AT THE MOVIES WITH KASEY BUTCHER

War and love—two topics drastically different. Yet, they somehow find themselves frequently paired together. Out of stories about war arise stories of incredible love; love of country, love of one’s fellow soldier, love of family, et cetera. Troy depicts a war fought for all of the above.

The war begins when Paris, Prince of Troy (Orlando Bloom) and Helen of Sparta (Diane Kruger) fall in love and Helen decides to run away with Paris back to Troy. Helen’s husband, King Menelaus (Brendan Gleeson), is enraged by this and enlists his brother, King Agamemnon (Brian Cox), to help him get his revenge, not only on Paris, but also on all of Troy. Agamemnon is eager to help his brother as he as been wishing to conquer the undefeated kingdom of Troy for years. Paris is aware of the fate that he will meet by taking Helen with him; so he enlists his brother, Hector (Eric Bana) to help him defend himself and Troy. Although he thinks his brother acted thoughtlessly, Hector agrees to fight out of love for his younger sibling and out of love for the lives of his countrymen, wishing to protect them from foreign rule.

Agamemnon is able to get the greatest fighter on earth, Achilles (Brad Pitt) to battle on his side. Achilles is headstrong and fights for the simple pleasure of fighting. He does not fight for any king, but for his own glory. This is how he is persuaded to join the war. He is told by his friend, King Odysseus (Sean Bean), that if he goes to Troy, his name will be remembered forever. Achilles, a man always at war, internally and externally, only finds peace when he falls in love with Briseis (Rose Byrne), the cousin of Paris and Hector.

The plot of the movie is based upon Homer’s Iliad and follows the Trojan War from the time Helen runs off with Paris up through the results of the infamous Trojan horse. It tells a story, however, that is much less about war than it is about the reasons that people fight and the relationships men have with the people they love. The writing is extremely interesting and well done.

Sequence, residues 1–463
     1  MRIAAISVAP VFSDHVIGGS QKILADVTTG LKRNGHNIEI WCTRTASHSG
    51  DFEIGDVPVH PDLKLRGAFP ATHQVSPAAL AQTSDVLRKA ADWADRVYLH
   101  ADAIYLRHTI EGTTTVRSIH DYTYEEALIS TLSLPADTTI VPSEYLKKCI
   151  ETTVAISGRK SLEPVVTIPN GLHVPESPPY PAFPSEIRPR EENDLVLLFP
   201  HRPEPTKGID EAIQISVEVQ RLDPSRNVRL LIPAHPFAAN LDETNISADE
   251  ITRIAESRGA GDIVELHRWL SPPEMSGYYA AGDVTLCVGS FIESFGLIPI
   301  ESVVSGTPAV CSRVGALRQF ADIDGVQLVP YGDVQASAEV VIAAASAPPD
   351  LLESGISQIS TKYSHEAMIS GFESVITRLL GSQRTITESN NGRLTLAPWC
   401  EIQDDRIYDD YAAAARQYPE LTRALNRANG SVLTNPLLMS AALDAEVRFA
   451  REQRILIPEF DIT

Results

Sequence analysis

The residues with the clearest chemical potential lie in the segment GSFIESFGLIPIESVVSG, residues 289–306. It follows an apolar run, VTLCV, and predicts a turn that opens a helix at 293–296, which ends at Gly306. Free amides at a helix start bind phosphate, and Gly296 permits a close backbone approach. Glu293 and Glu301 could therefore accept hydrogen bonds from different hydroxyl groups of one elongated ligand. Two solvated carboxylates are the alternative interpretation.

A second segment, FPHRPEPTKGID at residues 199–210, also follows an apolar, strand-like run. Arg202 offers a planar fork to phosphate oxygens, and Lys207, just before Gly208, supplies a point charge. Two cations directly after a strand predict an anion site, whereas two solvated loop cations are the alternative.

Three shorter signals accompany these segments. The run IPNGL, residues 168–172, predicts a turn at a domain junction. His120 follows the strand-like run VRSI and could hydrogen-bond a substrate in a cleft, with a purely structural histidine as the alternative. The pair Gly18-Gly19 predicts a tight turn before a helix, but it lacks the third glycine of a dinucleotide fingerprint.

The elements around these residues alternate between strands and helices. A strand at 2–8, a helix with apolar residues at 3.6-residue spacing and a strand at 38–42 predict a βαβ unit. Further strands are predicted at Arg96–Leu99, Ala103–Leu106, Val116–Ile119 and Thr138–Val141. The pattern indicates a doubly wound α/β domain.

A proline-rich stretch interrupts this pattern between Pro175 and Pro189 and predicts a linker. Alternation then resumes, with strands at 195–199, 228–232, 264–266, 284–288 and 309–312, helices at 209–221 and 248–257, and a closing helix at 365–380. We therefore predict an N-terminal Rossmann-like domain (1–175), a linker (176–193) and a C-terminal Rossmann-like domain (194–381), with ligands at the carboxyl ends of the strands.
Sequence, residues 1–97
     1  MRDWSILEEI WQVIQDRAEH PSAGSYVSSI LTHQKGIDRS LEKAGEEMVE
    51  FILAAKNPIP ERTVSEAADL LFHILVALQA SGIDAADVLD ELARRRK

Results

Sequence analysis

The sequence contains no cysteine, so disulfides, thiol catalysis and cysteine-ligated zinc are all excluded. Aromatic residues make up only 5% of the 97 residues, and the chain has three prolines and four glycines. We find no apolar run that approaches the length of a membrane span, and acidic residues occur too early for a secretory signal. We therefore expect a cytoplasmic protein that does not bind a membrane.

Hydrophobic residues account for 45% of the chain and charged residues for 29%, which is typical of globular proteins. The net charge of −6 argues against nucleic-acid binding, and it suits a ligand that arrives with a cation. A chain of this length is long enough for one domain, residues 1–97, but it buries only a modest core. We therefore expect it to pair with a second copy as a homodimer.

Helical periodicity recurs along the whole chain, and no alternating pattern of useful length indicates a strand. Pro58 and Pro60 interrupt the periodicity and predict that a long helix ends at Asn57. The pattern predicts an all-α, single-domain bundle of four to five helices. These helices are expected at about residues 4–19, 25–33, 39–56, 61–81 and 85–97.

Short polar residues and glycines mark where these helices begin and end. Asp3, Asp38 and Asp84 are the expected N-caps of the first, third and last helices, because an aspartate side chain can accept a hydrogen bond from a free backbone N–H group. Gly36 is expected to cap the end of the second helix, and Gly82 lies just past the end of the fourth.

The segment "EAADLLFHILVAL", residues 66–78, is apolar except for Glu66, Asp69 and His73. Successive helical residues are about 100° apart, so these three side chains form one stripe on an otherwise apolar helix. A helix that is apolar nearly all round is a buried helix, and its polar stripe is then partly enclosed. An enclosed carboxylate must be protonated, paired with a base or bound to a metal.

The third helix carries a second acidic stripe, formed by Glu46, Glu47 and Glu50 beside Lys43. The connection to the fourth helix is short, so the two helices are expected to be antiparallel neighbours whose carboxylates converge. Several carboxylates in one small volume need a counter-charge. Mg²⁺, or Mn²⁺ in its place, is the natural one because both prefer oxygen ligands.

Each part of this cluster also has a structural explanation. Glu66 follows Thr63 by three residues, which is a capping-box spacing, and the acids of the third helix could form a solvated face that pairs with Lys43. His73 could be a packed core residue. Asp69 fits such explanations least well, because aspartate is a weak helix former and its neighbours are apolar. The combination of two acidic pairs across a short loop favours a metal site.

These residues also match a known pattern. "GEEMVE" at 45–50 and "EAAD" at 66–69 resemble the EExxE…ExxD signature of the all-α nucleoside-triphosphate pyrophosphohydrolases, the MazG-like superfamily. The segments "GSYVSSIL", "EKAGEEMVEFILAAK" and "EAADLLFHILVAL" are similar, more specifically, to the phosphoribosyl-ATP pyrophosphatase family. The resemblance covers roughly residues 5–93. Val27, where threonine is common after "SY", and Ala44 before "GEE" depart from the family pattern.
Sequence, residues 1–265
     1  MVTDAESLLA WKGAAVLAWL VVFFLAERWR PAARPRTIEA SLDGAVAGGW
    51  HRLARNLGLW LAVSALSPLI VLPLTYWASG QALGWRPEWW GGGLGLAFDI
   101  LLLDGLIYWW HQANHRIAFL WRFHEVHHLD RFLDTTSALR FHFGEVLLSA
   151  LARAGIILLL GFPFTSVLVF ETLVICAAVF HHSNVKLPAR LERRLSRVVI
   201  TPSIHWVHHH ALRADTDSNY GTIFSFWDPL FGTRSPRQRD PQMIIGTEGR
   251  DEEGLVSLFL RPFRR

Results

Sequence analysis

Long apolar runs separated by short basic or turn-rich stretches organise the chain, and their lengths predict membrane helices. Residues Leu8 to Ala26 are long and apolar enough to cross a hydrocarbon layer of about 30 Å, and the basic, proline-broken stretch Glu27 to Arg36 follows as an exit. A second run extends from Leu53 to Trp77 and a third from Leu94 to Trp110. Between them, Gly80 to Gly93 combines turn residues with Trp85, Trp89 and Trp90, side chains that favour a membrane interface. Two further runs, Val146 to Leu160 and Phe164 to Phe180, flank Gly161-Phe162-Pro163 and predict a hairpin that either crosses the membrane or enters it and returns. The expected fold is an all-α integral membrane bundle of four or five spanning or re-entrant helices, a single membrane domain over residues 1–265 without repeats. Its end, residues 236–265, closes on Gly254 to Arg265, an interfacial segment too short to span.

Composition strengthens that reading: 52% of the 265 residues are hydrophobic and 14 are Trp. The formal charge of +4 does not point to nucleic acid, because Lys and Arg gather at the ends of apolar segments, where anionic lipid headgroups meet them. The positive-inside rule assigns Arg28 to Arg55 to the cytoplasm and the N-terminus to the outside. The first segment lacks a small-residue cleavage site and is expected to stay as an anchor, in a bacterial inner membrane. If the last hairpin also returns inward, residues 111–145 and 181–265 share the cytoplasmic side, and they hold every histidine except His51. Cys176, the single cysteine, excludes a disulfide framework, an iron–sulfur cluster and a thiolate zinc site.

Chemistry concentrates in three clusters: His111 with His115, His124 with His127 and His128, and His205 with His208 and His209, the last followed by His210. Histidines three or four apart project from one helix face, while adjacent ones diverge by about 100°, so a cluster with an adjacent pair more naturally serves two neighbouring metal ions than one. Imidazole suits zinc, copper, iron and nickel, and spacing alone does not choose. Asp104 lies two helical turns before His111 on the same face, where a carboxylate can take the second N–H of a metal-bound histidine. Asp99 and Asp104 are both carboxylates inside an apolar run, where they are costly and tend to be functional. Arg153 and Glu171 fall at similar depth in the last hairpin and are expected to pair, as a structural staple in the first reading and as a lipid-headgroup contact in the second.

The characters are also interesting. Each has his or her own myriad of complexities. They feel like real people and have multiple dimensions. The most complex character may be Achilles. One moment I found myself hating him and the next I found myself respecting him. He swings from a savage killing machine to an honorable, loving man and the conflict between the two sides is portrayed very well. Pitt does a beautiful job. All the actors did a magnificent job. Kruger depicts the vulnerability and guilt felt by Helen flawlessly. Bana brings amazing dignity and strength to the character of Hector. I was incredibly pleased by the way the writers developed the characters and the way the actors portrayed them.

I was sure that the special effects and battle scenes would dominate this movie. I was very wrong. This movie is about the people involved, not the computers. The plot focuses so much more on the internal conflicts and relationships than on the actual war. While the special effects are amazing, they appropriately blend into the movie instead of being the main focus.

Troy is a spectacular and intriguing movie that I would definitely recommend.

The Waynedale News Staff

Kasey Butcher

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